At A Glance
Originally commissioned for the Ellen Phillips Samuel Memorial to express the American ideal of brotherhood
It was clear that the Memorial could not accomodate the massive sculpture as it took shape
Suggests the tenderness and sympathy of humankind and the affliction that makes these virtues necessary
Critics have complained that the figures look unnatural, upholding Epstein’s reputation for controversy
The Eternal Mother, seated with arms outstretched, casts a stern, sorrowful look at visitors who enter the west doors of the Art Museum.
But as the massive sculpture took shape, the artist and the Art Association realized that the planned site in the Samuel Memorial could not accommodate the work
Flanking her are two standing female figures: one representing Compassion, reaching down to comfort a stricken youth collapsed at her feet; and another that personifies Succor (or Death), supporting at the hips a young man who bends backward to embrace her shoulders. The entire group by Jacob Epstein suggests not only the tenderness and sympathy of humankind but also the affliction that makes these virtues necessary.
Epstein was one of the first Westerners to develop a deep appreciation of “primitive” and traditional art. He displayed a particular interest in images of maternity and fertility. His career was punctuated by controversy, however, and his public commissions often prompted such adjectives as “ugly,” “vulgar,” and “vile.”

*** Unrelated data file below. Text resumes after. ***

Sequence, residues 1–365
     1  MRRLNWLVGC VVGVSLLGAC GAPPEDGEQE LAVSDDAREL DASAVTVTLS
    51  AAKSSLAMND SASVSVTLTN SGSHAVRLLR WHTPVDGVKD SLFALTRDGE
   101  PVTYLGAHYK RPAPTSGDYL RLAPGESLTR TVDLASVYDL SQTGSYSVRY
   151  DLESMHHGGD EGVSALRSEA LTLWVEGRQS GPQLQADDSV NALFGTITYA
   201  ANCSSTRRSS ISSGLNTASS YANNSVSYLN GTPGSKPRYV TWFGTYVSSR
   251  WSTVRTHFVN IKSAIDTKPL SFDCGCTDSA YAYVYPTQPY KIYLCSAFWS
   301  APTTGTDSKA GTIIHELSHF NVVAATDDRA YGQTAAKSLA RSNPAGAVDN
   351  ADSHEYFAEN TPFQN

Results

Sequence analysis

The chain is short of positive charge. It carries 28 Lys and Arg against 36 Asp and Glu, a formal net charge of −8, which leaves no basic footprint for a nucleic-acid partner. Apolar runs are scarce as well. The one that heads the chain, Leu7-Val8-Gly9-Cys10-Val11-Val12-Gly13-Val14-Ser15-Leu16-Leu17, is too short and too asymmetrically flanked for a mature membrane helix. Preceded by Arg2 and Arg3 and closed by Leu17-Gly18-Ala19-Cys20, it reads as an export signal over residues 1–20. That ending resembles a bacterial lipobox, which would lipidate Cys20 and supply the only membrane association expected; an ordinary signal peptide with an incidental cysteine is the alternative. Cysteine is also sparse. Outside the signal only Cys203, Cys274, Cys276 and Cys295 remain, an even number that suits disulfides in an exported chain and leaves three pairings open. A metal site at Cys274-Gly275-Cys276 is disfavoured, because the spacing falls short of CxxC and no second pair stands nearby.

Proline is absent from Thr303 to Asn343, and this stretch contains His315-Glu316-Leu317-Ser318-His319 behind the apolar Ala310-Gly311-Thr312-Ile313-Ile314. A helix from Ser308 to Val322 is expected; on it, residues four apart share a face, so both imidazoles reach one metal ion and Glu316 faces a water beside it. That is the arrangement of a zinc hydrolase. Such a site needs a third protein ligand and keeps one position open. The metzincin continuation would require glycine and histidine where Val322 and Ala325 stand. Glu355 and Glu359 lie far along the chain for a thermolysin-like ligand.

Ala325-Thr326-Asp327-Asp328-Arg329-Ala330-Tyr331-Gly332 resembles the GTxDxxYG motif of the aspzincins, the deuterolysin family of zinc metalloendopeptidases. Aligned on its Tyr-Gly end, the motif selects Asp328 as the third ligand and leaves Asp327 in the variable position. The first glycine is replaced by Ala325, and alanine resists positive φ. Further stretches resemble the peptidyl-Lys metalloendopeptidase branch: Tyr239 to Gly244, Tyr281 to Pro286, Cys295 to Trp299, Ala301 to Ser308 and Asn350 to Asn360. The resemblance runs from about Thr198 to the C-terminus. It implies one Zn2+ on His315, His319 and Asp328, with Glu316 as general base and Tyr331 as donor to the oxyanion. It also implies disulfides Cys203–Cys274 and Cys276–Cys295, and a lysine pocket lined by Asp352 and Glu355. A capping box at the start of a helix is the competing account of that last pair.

The commission for Social Consciousness was awarded to Epstein in 1950 by the Fairmount Park Art Association (now the Association for Public Art), which wanted to include it in the Ellen Phillips Samuel Memorial a work expressing the American ideal of brotherhood. But as the massive sculpture took shape, the artist and the Association realized that the planned site in the Samuel Memorial could not accommodate the work. Instead, Social Consciousness was installed in 1955 at the West Entrance of the Art Museum, where it has upheld Epstein’s reputation for controversy.
Some critics have complained that the figures look unnatural; others have objected to the lack of strong visual unity among the three separate groups. On the other hand, the work has been praised for its amalgamation of Western and Eastern influences and its “hieratic” stylization that suggests a timeless emotion. It could be argued that the very awkwardness of the figures emphasizes the precariousness and suffering of the human condition.
Adapted from Public Art in Philadelphia by Penny Balkin Bach (Temple University Press, Philadelphia, 1992).
This artwork is part of the Around the Philadelphia Museum of Art tour